And now? Is the E.U. coming into a tailspin because its wings, the big promises of integration, are breaking off?

At any rate, the plane can’t be pulled up by the European Council depriving Poland of its voting right. Of course, a community of liberal democracies must react when the division of powers and the checks and balances are done away with, when the judiciary and the media are brought into line. But it must also exactly diagnose what is fueling this neo-authoritarianism. Is it the stress of democracies trying to adapt that are only half as old as the others? Or is it at times simply the overwhelming demands, both cultural and economic? Then a possible answer might be the rediscovery of an old idea, of a Europe of not only two speeds, but three, four speeds, one that learns to live with everything not happening at the same time. But above all, it should be a Europe that spurs on the quick instead of punishing the slow and by doing so only putting them more on the defensive.

Citizens are proving day-for-day, for example, how much more quicker, younger and energetic Polish civil society is compared to a government that has half its brain stuck in USSR paranoia. Defiant radio producers and journalists who simply play the Anthem of Europe every hour – imagine that happening on the BBC or the German station ARD. The world will be hearing, must hear, much more about them in the future.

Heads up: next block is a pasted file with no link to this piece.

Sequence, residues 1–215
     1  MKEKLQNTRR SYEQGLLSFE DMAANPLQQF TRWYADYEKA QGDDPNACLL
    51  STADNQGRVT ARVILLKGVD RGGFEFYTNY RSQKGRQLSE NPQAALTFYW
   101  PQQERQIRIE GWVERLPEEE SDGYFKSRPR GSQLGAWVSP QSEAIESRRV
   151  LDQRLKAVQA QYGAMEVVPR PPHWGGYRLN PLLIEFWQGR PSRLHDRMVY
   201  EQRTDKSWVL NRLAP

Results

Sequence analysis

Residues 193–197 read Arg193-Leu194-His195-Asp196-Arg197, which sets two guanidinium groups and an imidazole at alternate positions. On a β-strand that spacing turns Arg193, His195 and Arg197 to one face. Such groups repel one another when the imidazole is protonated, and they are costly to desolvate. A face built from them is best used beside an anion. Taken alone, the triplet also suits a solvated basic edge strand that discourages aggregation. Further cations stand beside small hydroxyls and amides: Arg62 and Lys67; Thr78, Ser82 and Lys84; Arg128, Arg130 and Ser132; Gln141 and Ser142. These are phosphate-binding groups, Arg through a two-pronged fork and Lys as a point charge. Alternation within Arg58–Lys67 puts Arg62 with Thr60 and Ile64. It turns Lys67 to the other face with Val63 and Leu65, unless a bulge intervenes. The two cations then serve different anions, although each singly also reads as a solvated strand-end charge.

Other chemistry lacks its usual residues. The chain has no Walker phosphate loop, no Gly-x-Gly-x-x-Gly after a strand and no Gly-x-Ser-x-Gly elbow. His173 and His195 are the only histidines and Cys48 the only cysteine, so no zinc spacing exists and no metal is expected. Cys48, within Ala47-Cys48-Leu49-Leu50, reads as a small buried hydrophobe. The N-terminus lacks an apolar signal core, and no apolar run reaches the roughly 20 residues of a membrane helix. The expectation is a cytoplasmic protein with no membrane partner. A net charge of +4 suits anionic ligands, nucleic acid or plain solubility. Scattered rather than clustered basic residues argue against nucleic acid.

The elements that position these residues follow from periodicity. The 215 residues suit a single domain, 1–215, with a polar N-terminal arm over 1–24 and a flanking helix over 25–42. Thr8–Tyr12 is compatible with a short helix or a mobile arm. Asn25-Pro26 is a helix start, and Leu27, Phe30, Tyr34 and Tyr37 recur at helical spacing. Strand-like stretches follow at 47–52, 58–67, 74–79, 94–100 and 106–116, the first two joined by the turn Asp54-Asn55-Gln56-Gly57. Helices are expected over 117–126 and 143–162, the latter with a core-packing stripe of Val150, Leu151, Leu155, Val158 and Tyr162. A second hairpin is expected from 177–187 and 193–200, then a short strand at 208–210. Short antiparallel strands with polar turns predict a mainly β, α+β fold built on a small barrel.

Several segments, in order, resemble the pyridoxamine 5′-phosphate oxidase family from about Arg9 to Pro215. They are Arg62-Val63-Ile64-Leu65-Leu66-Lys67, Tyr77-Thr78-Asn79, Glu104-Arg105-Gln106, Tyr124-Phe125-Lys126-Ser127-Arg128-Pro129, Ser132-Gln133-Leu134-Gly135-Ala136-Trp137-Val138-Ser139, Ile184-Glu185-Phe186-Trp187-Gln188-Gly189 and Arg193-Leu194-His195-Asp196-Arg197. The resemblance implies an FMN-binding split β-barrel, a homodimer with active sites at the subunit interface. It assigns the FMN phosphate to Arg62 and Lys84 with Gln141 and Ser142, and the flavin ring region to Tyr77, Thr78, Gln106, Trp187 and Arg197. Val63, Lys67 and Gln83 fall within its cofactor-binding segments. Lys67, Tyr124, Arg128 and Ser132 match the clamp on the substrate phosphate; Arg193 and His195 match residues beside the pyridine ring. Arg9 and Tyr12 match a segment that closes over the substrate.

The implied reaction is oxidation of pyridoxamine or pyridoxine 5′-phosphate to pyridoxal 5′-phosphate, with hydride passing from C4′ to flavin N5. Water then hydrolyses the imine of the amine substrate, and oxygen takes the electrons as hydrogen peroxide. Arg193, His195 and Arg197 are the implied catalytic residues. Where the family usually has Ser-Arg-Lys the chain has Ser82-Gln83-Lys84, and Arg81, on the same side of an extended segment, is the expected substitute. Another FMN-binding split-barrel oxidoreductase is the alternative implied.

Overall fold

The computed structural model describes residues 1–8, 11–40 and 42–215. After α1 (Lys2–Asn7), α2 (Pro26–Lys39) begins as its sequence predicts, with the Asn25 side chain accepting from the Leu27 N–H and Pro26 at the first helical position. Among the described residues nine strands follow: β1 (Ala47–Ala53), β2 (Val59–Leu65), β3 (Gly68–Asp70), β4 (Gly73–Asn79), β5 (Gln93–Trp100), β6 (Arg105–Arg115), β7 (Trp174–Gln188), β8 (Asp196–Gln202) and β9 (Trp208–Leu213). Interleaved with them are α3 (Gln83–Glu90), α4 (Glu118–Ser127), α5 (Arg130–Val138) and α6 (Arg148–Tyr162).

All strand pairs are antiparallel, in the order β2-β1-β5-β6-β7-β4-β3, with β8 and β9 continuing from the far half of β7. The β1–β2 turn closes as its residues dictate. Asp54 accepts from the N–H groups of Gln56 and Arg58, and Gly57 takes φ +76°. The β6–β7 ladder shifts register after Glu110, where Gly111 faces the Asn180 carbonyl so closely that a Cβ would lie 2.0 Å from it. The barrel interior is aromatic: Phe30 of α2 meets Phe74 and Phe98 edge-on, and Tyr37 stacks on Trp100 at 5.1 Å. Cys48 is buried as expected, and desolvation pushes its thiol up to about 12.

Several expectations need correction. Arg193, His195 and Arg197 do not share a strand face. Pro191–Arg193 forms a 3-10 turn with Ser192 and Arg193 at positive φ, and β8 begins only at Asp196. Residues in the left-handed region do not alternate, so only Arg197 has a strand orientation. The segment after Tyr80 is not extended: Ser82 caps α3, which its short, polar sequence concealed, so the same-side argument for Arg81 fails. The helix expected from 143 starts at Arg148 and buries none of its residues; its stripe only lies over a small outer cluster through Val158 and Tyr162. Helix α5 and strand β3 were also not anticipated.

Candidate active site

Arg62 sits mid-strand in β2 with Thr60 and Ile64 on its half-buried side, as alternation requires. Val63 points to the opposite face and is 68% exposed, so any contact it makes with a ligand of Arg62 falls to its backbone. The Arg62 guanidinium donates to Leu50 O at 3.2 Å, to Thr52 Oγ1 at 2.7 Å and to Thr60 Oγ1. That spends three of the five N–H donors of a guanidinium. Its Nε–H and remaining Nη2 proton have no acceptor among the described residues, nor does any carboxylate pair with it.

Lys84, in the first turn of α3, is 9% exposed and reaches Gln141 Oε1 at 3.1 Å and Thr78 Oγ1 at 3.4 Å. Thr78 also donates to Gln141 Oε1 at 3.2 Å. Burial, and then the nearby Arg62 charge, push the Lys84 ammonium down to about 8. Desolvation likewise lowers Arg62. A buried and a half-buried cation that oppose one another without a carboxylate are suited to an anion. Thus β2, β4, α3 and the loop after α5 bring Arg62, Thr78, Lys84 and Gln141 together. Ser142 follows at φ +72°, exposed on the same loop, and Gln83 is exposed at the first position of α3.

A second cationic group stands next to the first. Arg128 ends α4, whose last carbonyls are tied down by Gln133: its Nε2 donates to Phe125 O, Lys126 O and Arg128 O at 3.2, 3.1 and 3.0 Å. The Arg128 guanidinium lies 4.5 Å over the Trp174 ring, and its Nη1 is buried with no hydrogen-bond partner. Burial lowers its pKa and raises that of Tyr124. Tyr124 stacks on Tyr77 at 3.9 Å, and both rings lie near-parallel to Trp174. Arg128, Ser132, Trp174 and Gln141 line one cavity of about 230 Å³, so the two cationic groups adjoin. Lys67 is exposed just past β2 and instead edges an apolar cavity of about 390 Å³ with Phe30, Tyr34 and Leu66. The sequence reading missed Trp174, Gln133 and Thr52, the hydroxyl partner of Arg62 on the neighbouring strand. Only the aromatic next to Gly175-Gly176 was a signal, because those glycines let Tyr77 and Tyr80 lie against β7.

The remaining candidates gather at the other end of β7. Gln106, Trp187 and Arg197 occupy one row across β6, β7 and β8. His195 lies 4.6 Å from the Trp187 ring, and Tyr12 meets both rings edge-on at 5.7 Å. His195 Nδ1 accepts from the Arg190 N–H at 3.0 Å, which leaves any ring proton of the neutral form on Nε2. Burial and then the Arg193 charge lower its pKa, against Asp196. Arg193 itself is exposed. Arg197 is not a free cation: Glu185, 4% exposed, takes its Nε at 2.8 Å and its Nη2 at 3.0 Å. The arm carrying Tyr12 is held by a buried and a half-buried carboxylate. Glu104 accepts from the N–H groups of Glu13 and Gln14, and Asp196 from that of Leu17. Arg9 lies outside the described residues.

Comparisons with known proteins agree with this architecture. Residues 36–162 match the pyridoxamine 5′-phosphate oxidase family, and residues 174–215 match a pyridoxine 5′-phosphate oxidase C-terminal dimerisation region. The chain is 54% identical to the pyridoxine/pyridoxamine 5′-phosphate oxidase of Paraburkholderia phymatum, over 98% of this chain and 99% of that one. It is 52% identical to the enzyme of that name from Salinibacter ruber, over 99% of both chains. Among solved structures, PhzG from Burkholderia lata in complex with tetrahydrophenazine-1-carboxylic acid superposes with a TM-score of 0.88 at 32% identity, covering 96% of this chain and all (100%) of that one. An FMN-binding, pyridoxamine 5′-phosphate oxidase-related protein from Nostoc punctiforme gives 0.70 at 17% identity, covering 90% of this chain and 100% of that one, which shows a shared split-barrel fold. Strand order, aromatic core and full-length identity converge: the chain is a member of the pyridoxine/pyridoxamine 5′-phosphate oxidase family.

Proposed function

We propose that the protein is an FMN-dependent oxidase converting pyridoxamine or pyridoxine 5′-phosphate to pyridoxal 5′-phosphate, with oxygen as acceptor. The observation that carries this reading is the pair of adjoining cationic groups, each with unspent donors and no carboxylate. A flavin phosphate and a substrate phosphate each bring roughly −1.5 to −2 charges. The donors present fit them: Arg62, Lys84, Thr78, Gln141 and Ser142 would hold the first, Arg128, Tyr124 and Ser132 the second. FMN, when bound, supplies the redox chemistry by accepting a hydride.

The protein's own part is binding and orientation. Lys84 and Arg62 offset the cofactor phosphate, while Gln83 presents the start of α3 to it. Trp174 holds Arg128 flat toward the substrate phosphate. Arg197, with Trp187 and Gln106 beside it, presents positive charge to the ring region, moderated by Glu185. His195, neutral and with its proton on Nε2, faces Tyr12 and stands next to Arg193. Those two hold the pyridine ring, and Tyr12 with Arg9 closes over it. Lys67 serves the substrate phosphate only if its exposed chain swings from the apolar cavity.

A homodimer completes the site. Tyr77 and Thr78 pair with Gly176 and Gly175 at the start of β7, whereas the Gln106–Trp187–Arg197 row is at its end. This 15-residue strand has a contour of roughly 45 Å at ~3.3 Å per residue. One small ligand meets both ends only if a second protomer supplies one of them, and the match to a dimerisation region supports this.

In the meantime, Europe can very well take a tough stance against authoritarian, illiberal governments without necessarily mobilizing the E.U., namely by bilateral actions, and lots of it. Dozens of needle-pricks from the capitals of Europe can do more than a hollow beat of the drum from Brussels, because the two Polish ministers are right about one thing, you shouldn’t just hear a rebuke from a secondary authority like that of an E.U. commissioner for first order violations of freedom. Rather a defense of the greatest democratic value.

Translated by David Andersen